City commissioners approved the Metropolitan Planning Organization designation agreement Tuesday night with a 3-2 vote.
Commissioners John Matta and Wynn Butler cast the dissenting votes, reiterating criticisms they made when the issue was initially discussed. Butler, who is the city’s representative on the MPO, said the agreement fails to make sure Manhattan retains control of MPO spending. As it is, Manhattan has three of the board’s nine votes. He said it also fails to ensure that costs would be kept as low as possible.
Butler requested the agreement be changed to include a clause that would give Manhattan a weighted vote in establishing boards and bylaws such as the financial agreement. But Kansas Department of Transportation officials said if that clause was included, they would not sign the agreement.
The MPO’s rules require a minimum of six votes to pass funding for projects, meaning it would be possible for something to pass even if all three of the city’s votes opposed it. Stephanie Watts, KDOT’s representative on the MPO, said Manhattan was not allowed to have control of the vote in funding decisions because the need for those items outweighed the city’s desires. On discretionary items, however, Manhattan does have effective veto power since a minimum of seven votes is required for passage.
Watts said that while Manhattan could not “veto” required projects, KDOT would remain vigilant in keeping costs as low as possible. She said the city might object to bringing in outside consultants for major projects, preferring to keep those studies “in house.” But she added that would not be in the best interests of the region because someone who is specialized in a particular area of transportation needs would be better suited to conduct the studies. Watts acknowledged that would increase costs, but said they would advocate for the lowest bid possible.
The decision followed a pointed debate. Matta said he would rather see Manhattan reduce the size of the MPO to the smaller map that only included the city of Manhattan and small parts of Pottawatomie and Riley counties if it meant the city would retain control of its budget.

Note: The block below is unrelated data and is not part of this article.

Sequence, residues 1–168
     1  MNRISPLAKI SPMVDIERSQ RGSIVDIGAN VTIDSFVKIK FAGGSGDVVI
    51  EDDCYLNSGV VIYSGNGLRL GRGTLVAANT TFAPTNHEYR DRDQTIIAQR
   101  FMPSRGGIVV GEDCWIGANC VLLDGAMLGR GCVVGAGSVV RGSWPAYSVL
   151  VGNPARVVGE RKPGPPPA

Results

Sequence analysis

John Ball, a Manhattan resident who is running for a seat on the commission, said he was “very uncomfortable” turning over the city’s budget to five other organizations who were not answerable to Manhattan citizens. That was a reference to the other MPO voting entities: Riley, Geary and Pottawatomie Counties, Junction City and KDOT. He suggested the commission consider “shrinking” the map.
Mayor Loren Peppered said he agreed to go with the larger map because it would spread the costs of the MPO over a larger area, and believed that was better than footing the entire bill alone.
He said that even if the city decided to go with the smaller map, the projected costs for the next few years would not change significantly. Therefore, he supported the designation agreement, and said the city needed to play the “political game” with the other organizations to get what it wanted.
Matta said a reduced map would save the city money by not paying a separate salary for a director and staff.
He said the city could assign those duties to its own staff and have them answer to the city manager.
Commissioner Jim Sherow and Watts both objected to that idea because the MPO would have to hire a full-time director who would be answerable only to the MPO.
Sherow said the city would not save any money, either, because it would have to cover the entire salary, not just 60 percent as it is set up now with the larger map.
Pepperd and Commissioner Rich Jankovich both agreed they would not be willing to vote against the designation agreement because that would halt all the progress the city has made in creating a regional cooperative benefitting not only Manhattan, but the entire region.
On Monday, Riley County commissioners passed the agreement. Watts said Junction City, Geary County and Pottawatomie County representatives have already said they plan to pass the agreement as it stands. Watts said KDOT has also approved the agreement and is waiting for the other governing bodies to sign off before sending it to the state and finally to the federal government.